Ingber DE.Cellular mechanotransduction: putting all the pieces together again.FASEB J. 2006 May;20(7):811-27.(HSR&T PI: D.E. Ingber)Note:
The author?s summary of the status of mechanotransduction, from the paper (figures and references removed): ?In summary, mechanochemical conversion occurs simultaneously at several sites inside cells, tissues, and organs because stresses are transferred over load-bearing networks including bones, muscles, fascia, ECMs, integrins, cell-cell junctions, cytoskeletal filaments and nuclear scaffolds that span many size scales. In fact, individual cells within most somatic tissues are too small to be distorted directly by subtle forces that are known to have potent effects on tissue form and function, such as gravity; that is, unless the cells contain dense organelles (e.g., otoliths, statoliths) that function like microscopic plumb-bobs. Cells therefore likely sense gravity and other generalized forces exerted on tissues and organs through their interconnections with ECM scaffoldings that experience stress and undergo deformation on a larger size scale; these structural changes trickle down to produce local cell and cytoskeletal distortion or changes of cellular prestress.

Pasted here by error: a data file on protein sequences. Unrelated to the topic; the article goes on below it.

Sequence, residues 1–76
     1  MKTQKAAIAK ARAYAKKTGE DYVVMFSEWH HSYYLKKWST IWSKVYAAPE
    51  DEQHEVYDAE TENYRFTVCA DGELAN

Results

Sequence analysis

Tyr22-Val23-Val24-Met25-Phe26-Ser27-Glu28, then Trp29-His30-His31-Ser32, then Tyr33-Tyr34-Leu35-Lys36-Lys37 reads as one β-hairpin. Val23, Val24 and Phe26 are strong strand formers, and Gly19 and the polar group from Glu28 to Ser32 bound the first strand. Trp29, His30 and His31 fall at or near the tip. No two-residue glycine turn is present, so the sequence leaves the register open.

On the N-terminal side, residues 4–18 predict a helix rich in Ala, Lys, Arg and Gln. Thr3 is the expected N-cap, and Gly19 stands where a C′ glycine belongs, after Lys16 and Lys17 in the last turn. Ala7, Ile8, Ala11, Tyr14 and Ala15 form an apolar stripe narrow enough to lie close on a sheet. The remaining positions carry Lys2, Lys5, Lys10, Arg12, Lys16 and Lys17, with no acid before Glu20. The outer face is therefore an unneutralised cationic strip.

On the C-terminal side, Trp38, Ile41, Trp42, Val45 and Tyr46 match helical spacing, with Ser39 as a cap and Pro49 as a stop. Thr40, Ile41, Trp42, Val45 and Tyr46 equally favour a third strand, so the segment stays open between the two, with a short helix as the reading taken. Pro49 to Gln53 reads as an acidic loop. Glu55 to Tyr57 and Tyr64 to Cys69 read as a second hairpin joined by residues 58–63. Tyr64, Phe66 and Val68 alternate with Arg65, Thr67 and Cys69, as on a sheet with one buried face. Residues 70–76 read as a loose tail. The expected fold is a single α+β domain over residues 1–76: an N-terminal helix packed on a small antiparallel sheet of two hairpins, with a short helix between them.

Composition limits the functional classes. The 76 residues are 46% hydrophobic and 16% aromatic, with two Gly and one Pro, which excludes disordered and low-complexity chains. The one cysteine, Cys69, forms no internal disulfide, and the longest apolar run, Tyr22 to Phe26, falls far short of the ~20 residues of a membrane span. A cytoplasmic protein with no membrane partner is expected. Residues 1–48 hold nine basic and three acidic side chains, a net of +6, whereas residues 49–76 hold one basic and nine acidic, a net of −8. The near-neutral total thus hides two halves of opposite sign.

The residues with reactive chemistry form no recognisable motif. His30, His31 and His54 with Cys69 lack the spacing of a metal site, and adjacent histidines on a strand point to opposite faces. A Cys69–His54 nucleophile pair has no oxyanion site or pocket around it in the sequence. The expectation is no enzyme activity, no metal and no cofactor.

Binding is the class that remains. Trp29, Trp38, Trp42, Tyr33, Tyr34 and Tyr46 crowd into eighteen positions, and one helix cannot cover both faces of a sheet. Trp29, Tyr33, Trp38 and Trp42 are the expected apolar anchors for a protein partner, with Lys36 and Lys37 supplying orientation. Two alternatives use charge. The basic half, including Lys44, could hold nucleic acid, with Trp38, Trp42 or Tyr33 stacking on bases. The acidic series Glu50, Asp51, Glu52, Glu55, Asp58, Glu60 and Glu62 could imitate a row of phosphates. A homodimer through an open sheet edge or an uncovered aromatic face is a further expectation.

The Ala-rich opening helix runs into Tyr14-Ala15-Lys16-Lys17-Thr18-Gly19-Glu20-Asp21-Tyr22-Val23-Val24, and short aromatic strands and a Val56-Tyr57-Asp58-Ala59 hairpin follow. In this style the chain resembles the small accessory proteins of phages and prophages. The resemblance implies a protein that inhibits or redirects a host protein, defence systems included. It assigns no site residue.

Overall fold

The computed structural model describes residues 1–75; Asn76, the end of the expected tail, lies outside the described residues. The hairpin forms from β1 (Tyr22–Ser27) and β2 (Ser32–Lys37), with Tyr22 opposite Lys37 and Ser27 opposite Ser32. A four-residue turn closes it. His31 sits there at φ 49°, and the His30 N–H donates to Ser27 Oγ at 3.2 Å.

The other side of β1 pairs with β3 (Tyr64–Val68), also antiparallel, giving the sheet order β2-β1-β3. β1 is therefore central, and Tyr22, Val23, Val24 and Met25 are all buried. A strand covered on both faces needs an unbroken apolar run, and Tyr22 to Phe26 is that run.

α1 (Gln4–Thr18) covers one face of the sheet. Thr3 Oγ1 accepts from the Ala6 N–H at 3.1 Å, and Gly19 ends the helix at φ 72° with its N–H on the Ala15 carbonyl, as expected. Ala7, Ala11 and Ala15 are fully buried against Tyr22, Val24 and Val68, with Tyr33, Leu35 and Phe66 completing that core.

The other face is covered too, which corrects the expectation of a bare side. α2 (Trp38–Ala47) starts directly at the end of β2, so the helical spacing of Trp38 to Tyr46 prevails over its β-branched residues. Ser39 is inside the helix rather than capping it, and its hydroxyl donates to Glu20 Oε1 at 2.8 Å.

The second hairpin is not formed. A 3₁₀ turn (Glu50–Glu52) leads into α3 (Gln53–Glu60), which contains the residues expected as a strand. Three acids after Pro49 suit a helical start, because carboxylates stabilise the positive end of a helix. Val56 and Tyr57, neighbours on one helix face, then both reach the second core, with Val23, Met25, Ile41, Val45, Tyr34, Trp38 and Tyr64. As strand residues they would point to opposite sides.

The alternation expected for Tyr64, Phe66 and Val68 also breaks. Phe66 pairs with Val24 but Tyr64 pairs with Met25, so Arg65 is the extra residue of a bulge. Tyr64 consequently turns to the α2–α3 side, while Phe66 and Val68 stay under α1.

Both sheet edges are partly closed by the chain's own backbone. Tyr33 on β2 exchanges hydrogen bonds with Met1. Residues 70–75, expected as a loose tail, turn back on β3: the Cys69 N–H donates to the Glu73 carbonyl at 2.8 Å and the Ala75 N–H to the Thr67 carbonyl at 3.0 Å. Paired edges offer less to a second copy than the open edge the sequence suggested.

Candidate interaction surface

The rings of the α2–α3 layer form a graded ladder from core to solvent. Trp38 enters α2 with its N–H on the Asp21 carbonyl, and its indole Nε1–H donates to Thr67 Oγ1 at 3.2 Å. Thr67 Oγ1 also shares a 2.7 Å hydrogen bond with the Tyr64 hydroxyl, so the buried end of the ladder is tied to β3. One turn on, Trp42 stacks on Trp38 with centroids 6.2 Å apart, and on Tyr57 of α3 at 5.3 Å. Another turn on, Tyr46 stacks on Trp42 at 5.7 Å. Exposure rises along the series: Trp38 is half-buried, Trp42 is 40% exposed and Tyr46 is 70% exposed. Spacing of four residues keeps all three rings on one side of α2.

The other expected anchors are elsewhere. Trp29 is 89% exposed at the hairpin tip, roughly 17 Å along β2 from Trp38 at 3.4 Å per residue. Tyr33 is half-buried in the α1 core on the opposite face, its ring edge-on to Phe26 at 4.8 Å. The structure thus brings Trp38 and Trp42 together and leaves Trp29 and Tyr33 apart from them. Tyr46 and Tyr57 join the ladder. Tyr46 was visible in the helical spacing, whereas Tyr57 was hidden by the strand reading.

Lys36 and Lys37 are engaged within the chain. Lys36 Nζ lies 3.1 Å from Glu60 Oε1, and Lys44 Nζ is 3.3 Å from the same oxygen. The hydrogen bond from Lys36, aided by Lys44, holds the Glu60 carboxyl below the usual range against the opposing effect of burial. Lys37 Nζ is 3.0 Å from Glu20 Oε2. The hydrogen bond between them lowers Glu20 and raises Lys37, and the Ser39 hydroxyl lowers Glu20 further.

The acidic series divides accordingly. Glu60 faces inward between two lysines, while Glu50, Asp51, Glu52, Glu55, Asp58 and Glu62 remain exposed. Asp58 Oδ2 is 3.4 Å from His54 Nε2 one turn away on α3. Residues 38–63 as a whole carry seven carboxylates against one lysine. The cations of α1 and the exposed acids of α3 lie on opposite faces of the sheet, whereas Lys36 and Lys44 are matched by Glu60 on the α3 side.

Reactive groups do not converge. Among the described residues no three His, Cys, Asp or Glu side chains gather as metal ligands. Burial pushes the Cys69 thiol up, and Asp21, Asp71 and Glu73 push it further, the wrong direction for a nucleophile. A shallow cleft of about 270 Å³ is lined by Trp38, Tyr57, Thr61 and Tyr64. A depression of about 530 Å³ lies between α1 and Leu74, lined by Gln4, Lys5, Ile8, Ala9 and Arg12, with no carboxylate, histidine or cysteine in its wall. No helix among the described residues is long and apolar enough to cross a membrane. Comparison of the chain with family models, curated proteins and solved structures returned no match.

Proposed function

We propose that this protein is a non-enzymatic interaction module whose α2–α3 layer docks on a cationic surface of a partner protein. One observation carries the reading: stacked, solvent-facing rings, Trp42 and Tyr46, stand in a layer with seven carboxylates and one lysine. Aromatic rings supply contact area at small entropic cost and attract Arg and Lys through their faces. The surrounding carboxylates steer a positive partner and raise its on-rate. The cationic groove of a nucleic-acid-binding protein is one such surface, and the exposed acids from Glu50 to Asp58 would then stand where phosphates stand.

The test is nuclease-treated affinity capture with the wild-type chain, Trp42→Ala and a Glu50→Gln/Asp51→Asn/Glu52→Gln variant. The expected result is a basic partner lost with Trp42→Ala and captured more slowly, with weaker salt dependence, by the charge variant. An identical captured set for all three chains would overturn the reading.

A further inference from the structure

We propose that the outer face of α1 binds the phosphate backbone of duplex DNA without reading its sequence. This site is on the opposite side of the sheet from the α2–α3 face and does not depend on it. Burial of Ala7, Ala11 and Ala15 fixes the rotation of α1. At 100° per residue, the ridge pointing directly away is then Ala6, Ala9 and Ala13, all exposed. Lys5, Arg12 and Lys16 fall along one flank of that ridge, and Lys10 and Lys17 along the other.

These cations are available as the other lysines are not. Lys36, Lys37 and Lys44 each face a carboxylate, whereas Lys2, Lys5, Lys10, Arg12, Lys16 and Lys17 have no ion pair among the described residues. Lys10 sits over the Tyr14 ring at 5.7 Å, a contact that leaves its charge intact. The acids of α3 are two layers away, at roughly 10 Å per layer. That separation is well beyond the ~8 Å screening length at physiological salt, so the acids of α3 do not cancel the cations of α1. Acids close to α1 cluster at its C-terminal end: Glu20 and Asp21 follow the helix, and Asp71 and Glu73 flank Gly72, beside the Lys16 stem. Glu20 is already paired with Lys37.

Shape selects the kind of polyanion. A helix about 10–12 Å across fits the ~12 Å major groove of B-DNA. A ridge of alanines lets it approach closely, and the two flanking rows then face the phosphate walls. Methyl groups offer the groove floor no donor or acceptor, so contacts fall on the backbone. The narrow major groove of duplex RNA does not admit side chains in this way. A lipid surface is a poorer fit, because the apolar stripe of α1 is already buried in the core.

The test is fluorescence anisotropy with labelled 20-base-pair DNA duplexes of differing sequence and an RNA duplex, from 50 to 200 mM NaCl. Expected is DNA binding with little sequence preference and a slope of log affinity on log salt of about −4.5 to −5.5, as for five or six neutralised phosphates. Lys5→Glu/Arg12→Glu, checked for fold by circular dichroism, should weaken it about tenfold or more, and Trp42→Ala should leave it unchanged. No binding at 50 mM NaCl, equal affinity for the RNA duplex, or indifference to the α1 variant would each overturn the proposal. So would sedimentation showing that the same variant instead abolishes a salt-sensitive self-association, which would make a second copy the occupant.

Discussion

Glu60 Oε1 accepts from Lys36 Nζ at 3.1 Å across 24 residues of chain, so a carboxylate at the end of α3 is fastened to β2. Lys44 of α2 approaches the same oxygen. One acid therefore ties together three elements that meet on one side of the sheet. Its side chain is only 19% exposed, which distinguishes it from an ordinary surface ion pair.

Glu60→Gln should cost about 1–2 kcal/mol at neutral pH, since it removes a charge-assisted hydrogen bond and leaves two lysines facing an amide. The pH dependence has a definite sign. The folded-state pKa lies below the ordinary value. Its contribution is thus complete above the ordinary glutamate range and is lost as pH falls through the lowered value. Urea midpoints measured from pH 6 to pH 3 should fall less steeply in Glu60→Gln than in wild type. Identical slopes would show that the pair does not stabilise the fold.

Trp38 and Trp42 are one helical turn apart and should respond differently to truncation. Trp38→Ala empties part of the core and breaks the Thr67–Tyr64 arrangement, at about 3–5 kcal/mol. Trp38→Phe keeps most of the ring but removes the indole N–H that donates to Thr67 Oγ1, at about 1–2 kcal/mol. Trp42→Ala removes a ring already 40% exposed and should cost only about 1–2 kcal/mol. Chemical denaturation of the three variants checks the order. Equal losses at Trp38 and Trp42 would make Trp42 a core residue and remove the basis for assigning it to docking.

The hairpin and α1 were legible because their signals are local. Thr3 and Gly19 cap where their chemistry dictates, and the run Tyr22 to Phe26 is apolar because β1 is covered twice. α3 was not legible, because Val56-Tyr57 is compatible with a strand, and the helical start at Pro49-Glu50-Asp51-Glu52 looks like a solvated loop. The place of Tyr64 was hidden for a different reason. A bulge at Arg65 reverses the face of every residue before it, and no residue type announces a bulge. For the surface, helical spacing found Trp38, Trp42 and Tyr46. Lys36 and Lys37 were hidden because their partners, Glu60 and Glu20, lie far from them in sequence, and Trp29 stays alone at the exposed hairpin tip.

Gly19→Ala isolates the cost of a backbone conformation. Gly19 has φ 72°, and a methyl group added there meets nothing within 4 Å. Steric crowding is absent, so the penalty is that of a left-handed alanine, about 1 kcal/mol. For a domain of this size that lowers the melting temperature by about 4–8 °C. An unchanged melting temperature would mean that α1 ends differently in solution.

Willers H, Held KD.Introduction to clinical radiation biology.Hematol Oncol Clin North Am. 2006 Feb;20(1):1-24.(HSR&T PI: K.D. Held)
Kondrachuk AV, Boyle RD.Feedback hypothesis and the effects of altered gravity on formation and function of gravireceptors of mollusks and fish.Arch Ital Biol. 2006 May;144(2):75-87.(HSR&T PI: R.D. Boyle)
Other papers of interest:
Murphy DJ, Renninger JP, Ju H.A model of orthostatic hypotension in the conscious monkey using lower body negative pressure.J Pharmacol Toxicol Methods. 2006 Mar 20; [Epub ahead of print]